It's nudging 6pm on a Friday, and around the country scores of amateur cooks are setting up in their kitchens, gathered around chopping boards and, for this special meal, laptops and tablets as well.
The culinary mission is a three-course Mexican feast, but the broader mission is more substantial. This is cooking for a cause, via an online class hosted by Melbourne restaurateur Gerardo Lopez, who has used the city's current lockdown to raise funds for an appropriate charity.
The profits from his Zoom-based lessons are donated to Friends for Good, which aims to combat loneliness in the community. The charity was set up in 2016, and four years later found itself in high demand as the community was forced into months of enforced isolation by the pandemic.
"I was talking to a lot of a lot of people and it felt like this latest lockdown hit people pretty hard," Lopez says.
"People were really feeling it … so the idea came from shaking that up a little bit and giving people an opportunity to do something different – to get their friends involved and get people connected again."
Lopez, who opened his Kensington restaurant La Tortilleria in 2013, provides class participants with a home-delivered box of key ingredients including soft tacos, chipotle chillies and the base ingredients for some potent Mexican cocktails.
He also provides a recipe booklet and shopping list for the rest of the ingredients (for a recent class attended by The Age these cost $40).
The $80 classes run for two hours with Lopez proving to be a vibrant Zoom host on a two-camera set-up at Casa Iberica Deli in Alphington. Participants at home type questions in the online chat and have plenty of time to cook, drink and engage.
Lopez encourages friends or relatives doing the class in separate homes to use a secondary platform, such as FaceTime or WhatsApp, to chat amongst themselves throughout. There is even a dedicated playlist on Spotify.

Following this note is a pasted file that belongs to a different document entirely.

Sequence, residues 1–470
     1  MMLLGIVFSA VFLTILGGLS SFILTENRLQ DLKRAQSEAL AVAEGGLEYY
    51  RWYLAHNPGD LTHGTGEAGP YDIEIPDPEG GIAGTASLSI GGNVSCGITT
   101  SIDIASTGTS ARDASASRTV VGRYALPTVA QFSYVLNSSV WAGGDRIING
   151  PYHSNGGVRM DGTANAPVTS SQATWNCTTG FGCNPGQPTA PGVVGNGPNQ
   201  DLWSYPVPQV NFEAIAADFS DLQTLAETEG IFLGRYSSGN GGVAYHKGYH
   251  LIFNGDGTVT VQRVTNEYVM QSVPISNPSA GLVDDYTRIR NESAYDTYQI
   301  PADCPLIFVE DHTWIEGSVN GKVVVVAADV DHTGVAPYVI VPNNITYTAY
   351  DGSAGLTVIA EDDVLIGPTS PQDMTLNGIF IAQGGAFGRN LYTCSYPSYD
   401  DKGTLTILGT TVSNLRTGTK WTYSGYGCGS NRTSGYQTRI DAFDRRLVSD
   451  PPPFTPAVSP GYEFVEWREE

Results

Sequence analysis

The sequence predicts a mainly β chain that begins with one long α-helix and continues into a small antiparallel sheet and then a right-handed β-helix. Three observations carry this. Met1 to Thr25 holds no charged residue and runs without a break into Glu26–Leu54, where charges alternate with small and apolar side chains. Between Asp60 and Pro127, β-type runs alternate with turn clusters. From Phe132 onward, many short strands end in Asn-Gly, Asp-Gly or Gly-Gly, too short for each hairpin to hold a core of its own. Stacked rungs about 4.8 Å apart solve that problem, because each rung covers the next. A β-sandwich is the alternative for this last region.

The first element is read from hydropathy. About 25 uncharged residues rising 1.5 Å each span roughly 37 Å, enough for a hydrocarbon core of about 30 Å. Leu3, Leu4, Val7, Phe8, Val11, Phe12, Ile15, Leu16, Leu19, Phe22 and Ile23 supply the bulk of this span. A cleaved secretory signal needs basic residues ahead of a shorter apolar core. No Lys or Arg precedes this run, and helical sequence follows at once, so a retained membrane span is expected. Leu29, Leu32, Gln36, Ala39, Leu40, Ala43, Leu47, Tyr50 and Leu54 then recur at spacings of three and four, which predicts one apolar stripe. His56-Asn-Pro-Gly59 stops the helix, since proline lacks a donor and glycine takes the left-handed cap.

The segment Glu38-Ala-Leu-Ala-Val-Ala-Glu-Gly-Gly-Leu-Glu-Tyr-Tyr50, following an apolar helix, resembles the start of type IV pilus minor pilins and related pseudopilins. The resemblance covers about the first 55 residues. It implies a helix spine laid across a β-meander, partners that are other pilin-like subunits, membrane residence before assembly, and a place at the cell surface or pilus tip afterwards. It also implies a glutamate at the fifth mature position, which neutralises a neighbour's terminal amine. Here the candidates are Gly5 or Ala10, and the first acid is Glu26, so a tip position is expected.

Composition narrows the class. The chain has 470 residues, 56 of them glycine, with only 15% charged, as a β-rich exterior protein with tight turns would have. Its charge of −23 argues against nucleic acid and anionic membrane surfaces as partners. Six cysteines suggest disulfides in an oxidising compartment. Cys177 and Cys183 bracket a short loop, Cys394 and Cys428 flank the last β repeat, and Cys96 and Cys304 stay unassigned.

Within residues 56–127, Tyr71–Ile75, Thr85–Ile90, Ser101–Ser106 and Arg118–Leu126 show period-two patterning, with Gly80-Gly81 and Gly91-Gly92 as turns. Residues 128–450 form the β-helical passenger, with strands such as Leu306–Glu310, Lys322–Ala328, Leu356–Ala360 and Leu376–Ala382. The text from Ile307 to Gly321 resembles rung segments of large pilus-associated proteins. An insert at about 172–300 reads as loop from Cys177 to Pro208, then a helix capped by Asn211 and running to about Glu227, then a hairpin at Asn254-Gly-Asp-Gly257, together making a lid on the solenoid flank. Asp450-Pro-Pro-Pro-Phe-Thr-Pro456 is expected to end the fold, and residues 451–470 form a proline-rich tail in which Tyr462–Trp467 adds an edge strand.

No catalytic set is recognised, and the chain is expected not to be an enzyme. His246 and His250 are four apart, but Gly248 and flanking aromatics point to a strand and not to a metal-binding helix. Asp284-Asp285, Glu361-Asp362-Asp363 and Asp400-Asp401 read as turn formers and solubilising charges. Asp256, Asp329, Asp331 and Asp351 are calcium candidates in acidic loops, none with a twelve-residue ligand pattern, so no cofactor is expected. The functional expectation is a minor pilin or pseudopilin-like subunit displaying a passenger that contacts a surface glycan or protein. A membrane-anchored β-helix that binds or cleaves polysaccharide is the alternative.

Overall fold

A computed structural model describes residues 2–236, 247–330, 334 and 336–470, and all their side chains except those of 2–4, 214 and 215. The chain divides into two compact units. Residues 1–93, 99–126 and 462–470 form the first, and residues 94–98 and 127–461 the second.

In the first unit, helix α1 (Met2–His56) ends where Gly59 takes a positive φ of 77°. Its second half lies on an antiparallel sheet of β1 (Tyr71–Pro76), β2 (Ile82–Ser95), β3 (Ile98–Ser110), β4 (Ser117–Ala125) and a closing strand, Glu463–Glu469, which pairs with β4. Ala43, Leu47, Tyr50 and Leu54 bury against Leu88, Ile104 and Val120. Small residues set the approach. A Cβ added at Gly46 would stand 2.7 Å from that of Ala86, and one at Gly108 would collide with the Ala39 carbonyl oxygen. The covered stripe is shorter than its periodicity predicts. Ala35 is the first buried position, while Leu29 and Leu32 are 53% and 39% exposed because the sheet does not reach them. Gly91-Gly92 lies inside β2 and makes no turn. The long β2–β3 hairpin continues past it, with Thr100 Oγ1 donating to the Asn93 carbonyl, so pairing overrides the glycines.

"We have people from Western Australia, Brisbane and NSW," he says. "We have entire families connecting over Mexican food."
Laura Rouhan, co-founder of Friend For Good, said the fundraising from Lopez's classes was a perfect fit for a charity whose services – which range from education and research into loneliness to a telephone "FriendLine" – have been in high demand during lockdowns.
"It's an opportunity to have a real cultural exchange, and doing that in the context of bringing people together," she says.
"Nothing gets people together like food … and this is an opportunity to connect and to do something a bit different. We know that food unites people. It gets us talking and it creates an atmosphere of sharing and connection."
More opportunities to make food and friends online
Gerardo Lopez of La Tortilleria will continue his online classes after lockdown. Bookings for the next class on November 20 can be made at tacoguy.com.au.
Meanwhile, superstar chef Manu Feildel headlines an Instagram-based food initiative called #CookToConnect. The digital campaign, with the theme of "Share A Plate With A Mate", takes viewers inside the kitchens of top chefs and raises money for food charity OzHarvest. More details at plateforamate.com.
Free To Feed also hosts a wide range of cooking classes. The Australian charity aims to empower asylum-seekers and refugees through employment and training opportunities. Further information can be found at freetofeed.org.au.
Airbnb even launched a range of charitable online cooking classes during the first wave of the pandemic, and continues to host classes from around the world on its "Experiences" platform, including some with Australian chefs and restaurants. Visit airbnb.com.au/s/experiences/cooking for more information.